The Works of the Rev. Jonathan Swift/Volume 18/On Gallstown House

'TIS so old, and so ugly, and yet so convenient,
You're sometimes in pleasure, though often in pain in't.
'Tis so large you may lodge a few friends with ease in't,
You may turn and stretch at your length if you please in't;
'Tis so little, the family live in a press in't,
And poor lady Betty[3] has scarce room to dress in't;
'Tis so cold in the winter, you can't bear to lie in't,
And so hot in the summer, you're ready to fry in't;
'Tis so brittle 'twould scarce bear the weight of a tun,
Yet so staunch, that, it keeps out a great deal of sun;
'Tis so crazy, the weather with ease beats quite through it,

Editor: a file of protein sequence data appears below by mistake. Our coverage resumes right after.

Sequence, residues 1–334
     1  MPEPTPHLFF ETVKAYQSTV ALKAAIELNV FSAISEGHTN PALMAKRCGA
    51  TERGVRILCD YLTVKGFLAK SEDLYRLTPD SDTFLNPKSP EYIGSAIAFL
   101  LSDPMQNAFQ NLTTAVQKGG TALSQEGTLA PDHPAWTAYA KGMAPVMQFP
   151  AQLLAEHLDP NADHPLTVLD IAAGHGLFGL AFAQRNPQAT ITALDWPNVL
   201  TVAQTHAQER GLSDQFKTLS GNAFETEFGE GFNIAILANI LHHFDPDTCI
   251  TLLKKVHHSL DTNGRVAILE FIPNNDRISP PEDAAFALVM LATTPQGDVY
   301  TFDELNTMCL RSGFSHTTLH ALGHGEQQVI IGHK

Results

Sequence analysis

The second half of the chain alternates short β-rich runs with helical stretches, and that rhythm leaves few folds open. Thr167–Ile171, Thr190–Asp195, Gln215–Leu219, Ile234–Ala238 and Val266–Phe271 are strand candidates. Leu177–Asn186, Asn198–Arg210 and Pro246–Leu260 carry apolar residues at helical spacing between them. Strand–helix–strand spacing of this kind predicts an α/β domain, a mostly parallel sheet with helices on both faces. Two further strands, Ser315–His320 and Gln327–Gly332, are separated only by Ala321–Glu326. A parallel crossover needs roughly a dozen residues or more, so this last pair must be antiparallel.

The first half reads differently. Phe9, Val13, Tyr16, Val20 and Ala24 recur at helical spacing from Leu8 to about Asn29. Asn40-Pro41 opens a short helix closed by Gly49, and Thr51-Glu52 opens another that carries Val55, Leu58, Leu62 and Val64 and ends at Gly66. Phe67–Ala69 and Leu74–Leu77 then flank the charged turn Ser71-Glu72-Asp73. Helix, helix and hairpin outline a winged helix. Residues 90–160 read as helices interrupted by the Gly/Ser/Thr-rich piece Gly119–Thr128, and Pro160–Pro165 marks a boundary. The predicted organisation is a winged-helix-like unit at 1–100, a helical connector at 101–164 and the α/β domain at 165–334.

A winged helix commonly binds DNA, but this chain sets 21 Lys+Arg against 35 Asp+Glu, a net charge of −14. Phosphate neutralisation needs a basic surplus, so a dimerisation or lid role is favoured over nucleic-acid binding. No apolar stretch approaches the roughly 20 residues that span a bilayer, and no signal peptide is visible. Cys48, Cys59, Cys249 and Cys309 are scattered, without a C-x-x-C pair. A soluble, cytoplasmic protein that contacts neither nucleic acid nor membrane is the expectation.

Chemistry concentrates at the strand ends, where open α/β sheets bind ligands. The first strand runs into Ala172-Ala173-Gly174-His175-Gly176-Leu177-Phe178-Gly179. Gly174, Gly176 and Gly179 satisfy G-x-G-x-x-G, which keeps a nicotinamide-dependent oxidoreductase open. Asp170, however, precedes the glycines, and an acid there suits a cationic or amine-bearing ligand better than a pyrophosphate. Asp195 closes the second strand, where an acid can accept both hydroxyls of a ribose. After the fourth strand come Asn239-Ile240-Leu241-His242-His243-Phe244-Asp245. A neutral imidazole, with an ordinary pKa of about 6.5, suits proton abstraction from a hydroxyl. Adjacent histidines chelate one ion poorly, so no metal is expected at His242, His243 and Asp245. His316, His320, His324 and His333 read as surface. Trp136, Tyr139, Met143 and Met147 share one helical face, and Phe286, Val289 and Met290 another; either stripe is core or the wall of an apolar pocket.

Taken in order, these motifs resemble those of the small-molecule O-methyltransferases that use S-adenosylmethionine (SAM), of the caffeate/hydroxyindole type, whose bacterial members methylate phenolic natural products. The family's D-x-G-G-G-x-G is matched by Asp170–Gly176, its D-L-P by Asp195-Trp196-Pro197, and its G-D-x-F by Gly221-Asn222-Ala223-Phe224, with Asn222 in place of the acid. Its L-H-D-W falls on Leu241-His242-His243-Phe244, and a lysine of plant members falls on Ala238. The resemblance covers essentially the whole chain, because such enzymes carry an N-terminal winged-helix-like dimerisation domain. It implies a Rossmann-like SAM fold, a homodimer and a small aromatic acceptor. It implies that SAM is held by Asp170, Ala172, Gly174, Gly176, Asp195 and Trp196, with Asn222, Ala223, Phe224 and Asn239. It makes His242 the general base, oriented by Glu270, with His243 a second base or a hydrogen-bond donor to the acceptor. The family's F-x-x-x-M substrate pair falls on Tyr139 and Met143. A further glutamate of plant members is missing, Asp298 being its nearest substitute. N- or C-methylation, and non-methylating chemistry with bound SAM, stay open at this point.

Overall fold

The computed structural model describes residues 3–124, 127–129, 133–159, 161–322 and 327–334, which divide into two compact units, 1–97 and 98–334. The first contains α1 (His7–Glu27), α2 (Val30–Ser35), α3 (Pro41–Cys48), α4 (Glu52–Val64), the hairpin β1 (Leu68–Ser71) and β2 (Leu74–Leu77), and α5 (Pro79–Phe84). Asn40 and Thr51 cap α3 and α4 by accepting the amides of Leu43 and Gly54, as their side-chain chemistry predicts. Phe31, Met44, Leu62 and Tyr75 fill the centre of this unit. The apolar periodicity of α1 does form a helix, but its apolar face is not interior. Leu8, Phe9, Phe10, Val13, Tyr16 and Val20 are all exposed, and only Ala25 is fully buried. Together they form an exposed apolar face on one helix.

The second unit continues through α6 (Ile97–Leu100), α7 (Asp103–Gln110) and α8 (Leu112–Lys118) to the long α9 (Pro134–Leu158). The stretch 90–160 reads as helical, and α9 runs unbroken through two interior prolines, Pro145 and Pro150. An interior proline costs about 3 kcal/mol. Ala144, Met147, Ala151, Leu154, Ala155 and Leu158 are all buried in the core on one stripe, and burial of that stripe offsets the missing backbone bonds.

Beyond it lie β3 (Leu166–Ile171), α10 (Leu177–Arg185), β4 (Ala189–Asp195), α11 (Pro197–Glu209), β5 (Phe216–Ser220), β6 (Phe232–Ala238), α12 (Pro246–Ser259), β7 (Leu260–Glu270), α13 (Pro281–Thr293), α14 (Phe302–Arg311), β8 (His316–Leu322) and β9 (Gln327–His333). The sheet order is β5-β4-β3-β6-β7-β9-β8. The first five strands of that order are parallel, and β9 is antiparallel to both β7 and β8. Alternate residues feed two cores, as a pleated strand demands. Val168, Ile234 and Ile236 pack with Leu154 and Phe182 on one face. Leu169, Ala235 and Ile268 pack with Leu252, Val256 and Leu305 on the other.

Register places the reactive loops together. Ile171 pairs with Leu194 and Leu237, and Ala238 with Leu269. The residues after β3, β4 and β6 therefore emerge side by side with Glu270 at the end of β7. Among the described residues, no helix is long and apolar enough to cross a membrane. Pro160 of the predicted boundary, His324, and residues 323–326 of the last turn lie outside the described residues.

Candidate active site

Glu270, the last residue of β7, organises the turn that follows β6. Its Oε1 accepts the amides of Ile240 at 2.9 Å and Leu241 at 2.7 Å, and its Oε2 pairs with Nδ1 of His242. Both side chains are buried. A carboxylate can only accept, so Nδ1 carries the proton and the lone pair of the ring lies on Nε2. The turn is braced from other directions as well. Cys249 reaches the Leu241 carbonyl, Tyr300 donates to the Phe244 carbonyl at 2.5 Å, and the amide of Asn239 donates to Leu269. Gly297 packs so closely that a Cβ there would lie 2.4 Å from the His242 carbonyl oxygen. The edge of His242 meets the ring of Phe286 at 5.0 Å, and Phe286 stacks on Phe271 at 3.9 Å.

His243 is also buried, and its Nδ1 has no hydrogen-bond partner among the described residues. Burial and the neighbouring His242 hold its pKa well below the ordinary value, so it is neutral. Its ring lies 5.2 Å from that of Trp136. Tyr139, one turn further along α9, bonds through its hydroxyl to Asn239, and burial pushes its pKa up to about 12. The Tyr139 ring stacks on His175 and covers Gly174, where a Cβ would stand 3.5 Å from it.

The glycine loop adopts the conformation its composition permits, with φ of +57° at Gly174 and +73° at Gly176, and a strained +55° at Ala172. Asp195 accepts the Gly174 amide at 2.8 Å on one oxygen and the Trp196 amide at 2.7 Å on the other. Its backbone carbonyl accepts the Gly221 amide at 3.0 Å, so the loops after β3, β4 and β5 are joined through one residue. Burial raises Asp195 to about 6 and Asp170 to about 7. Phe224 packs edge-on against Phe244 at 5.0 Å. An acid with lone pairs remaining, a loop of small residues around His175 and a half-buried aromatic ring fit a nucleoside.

And you're forced every year, in some part to renew it;
'Tis so ugly, so useful, so big, and so little,
'Tis so staunch, and so crazy, so strong, and so brittle,
'Tis at one time so hot, and another so cold,
It is part of the new, and part of the old;
It is just half a blessing, and just half a curse —
I wish then, dear George, it were better or worse.

  1. The seat of George Rochfort, esq., father to the earl of Belvidere. Several pleasantries of this gentleman, Dr. Delany, and a groupe of their intimate friends, are to be found in different parts of this collection.
  2. See the dean's poetical epistle to this gentleman, vol. VII, page 150.
  3. Daughter of the earl of Drogheda, and married to George Rochfort, esq.